14 UK returnees test positive for COVID-19 in Karnatakatext_fields
Bengaluru: Karnataka Health Minister K Sudhakar on Saturday said that 14 of the 2,500 passengers who returned from the UK since November 25 had tested coronavirus positive. According to the minister their samples has been sent for genome sequencing tests to find if anyone was infected with a mutant strain.
Sudhakar told reporters that the Health Department had so far conducted tests on 1,638 of the 2,500 passengers till December 22.
"Of the 1,638, 14 were positive. Their samples have been sent to the National Institute of Mental Health and Neuro-Sciences (Nimhans) for genome sequencing test. Nimhans is one of the 10 institutes selected by the Health Ministry to conduct these tests. Along with Nimhans, the National Centre for Biological Sciences (NCBS) at Bengaluru can also carry out the tests," he explained.
Sudhakar said that genome sequencing was a time consuming process of at least three to four days. "The new strain of the virus found in the UK has 14 mutations; so genome sequencing tests are taking some time," he said.
According to the Minister, the state will not have direct access to these reports. "The Nimhans or NCBS is supposed to send the reports to the Indian Council of Medical Research (ICMR) which in turn will disclose these to the respective states."
He said that the union government has barred the state government from sharing any details about the new variants of coronavirus.
The Minister clarified that the state government has neither directed nor helped any VIP to secure 'Covaxin' at this stage. "Covaxin is still in the trial stage. Inaugurating the third round of trials of this vaccine, I had appealed to frontline health workers to get shots for their own safety," he said.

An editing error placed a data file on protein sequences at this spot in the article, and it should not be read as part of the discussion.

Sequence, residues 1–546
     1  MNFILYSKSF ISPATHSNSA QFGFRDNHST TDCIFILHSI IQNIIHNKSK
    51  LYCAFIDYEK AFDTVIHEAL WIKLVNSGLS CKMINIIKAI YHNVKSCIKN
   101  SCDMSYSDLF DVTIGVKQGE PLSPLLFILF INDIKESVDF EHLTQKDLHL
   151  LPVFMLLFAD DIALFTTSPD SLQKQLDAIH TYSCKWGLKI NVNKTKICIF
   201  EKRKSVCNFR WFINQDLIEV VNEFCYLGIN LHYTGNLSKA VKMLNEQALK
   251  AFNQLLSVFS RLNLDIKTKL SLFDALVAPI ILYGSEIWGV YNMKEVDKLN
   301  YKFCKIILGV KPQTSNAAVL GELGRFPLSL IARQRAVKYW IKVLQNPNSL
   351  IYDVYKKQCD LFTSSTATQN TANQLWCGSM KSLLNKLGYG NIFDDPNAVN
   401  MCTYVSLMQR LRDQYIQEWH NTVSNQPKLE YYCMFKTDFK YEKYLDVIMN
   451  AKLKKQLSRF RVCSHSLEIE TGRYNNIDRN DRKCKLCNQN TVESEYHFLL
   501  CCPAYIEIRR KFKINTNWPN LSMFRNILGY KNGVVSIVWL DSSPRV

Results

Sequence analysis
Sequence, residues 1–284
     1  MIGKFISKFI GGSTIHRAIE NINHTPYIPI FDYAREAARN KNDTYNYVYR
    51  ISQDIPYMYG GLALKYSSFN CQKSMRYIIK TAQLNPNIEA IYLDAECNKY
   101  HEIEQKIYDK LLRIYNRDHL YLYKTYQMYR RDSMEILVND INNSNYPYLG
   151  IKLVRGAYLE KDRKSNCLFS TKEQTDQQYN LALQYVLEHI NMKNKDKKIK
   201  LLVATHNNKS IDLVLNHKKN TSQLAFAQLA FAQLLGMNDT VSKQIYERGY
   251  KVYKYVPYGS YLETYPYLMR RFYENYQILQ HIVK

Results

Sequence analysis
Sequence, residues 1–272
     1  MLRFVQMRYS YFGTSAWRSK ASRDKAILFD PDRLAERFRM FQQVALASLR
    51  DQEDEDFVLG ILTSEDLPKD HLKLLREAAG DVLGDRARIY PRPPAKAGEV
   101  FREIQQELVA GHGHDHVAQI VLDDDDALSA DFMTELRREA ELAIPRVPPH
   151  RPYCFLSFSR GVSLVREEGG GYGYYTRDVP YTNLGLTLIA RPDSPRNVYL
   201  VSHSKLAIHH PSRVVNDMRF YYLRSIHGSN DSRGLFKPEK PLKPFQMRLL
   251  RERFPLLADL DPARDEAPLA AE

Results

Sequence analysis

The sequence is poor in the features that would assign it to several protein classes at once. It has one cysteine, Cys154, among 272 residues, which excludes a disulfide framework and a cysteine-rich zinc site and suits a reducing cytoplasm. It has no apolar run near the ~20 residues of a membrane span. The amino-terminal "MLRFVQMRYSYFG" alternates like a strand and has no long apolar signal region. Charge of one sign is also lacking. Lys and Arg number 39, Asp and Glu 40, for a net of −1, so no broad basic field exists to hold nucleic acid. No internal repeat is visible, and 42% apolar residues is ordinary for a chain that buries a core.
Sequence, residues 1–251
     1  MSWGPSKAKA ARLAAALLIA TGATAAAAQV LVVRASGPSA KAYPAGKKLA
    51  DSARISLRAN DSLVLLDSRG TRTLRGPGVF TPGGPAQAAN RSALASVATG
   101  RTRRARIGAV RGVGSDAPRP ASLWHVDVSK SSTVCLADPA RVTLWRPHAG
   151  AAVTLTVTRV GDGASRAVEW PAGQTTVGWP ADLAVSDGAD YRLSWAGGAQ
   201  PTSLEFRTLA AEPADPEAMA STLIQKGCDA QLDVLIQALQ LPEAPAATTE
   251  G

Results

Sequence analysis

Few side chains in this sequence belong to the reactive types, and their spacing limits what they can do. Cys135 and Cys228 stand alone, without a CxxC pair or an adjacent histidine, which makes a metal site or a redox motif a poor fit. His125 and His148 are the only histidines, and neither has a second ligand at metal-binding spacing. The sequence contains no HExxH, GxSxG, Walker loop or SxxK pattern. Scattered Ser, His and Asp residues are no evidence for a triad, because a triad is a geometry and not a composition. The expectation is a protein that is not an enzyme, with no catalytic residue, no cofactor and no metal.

On Friday, on the topic of the withdrawal of the night curfew, the minister had stated that the closure of economic activities would cause loss to the government too. He also said that it was not the government's job to remind the citizens to follow guidelines and remain safe.
The Karnataka government had withdrawn night curfew just one day after announcing it. The curfew was announced on Wednesday to prevent the spread of the new strain of COVID-19.
The curfew had been imposed in accordance with the suggestion of the Technical Advisory Committee. The curfew was reportedly withdrawn due to 'public feedback'.
The statement to the public added that experts were consulted before the decision was made. It also stressed that the public should take measures to ensure their personal safety, including wearing masks, social distancing, avoiding travel etc.
The issue has seen much back and forth in the past four days. While on Tuesday, Chief Minister BS Yediyurappa who stated that there was no necessity for a curfew, on Wednesday announced a night curfew. The curfew which was set from 10pm to 6am, was quickly amended to from 11pm to 5am. Finally, on Thursday the night curfew was withdrawn altogether.
(with inputs from Mafazah Sharafudheen)